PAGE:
Talking about your thoughts and feelings can help you deal with some of the tough times in your life. If something is bothering you and you turn it over and over again in your mind, the worry can grow. But talking about it can help you work out what is really upsetting you and find a way to make things better.
We often find it helpful to talk with a friend or family member, but sometimes friends and family cannot help us and we need to talk to a professional. Talking therapies involve talking to someone who is trained to help you deal with your negative feelings. Here are a few of the common types of talking therapies that we offer at CAMHS.
A person with a mental illness can find it very supportive to have their family understand their illness, give encouragement, and assist them with everyday life. A family therapist helps both the person with the mental illness and those closest to them to understand each other’s feelings and resolve practical day-to-day issues. Family therapy sessions can include carers and friends as well as relatives.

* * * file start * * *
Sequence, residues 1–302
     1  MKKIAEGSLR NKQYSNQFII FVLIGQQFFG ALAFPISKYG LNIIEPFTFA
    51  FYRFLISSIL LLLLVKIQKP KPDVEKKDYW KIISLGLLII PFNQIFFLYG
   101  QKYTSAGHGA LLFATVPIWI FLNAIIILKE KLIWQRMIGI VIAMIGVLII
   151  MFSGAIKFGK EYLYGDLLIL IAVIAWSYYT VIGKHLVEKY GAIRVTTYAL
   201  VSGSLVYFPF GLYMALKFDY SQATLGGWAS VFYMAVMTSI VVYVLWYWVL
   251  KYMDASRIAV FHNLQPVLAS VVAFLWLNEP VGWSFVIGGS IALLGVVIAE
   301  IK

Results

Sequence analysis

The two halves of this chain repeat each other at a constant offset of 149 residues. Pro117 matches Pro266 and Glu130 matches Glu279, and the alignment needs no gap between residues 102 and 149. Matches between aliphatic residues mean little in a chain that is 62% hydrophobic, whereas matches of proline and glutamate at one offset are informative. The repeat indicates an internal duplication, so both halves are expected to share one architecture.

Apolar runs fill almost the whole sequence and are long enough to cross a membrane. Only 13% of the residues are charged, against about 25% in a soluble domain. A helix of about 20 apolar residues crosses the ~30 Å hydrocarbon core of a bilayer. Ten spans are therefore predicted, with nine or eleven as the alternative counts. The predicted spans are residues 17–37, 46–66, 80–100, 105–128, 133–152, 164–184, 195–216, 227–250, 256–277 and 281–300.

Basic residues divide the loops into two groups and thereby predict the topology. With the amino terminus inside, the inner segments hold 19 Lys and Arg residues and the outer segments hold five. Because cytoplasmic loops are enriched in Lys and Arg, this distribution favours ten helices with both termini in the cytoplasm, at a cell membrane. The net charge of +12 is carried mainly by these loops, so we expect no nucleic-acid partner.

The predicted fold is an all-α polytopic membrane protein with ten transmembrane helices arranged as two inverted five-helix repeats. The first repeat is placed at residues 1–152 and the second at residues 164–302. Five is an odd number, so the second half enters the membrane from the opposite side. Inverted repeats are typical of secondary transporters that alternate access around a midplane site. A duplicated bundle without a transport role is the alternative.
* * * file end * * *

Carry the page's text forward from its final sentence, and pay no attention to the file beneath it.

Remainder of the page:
Cognitive behaviour therapy
Cognitive Behaviour Therapy (CBT) focuses on how you think about the things going on in your life – your thoughts, images, beliefs and attitudes – and how this impacts on the way you behave and deal with emotional problems. It then looks at how you can change any negative patterns of thinking or behaviour that may be causing you difficulties. In turn, this can change the way you feel. CBT tends to be short, taking six weeks to six months. You will usually attend a session once a week, each session lasting either 50 minutes or an hour. CBT may focus on what is going on in the present rather than the past. However, the therapy may also look at your past and how your past experiences impact on how you interpret the world now.
Dialectical behaviour therapy
Dialectical behaviour therapy is a psychological therapy for people with borderline personality disorder, with self-harming behaviour or suicidal thoughts. Dialectical behaviour therapy also helps you to change and control your emotions, but it differs from cognitive behavioural therapy in that it focuses on accepting who you are at the same time. Dialectical behaviour therapy therapists aim to balance ‘acceptance techniques’ with ‘change techniques’.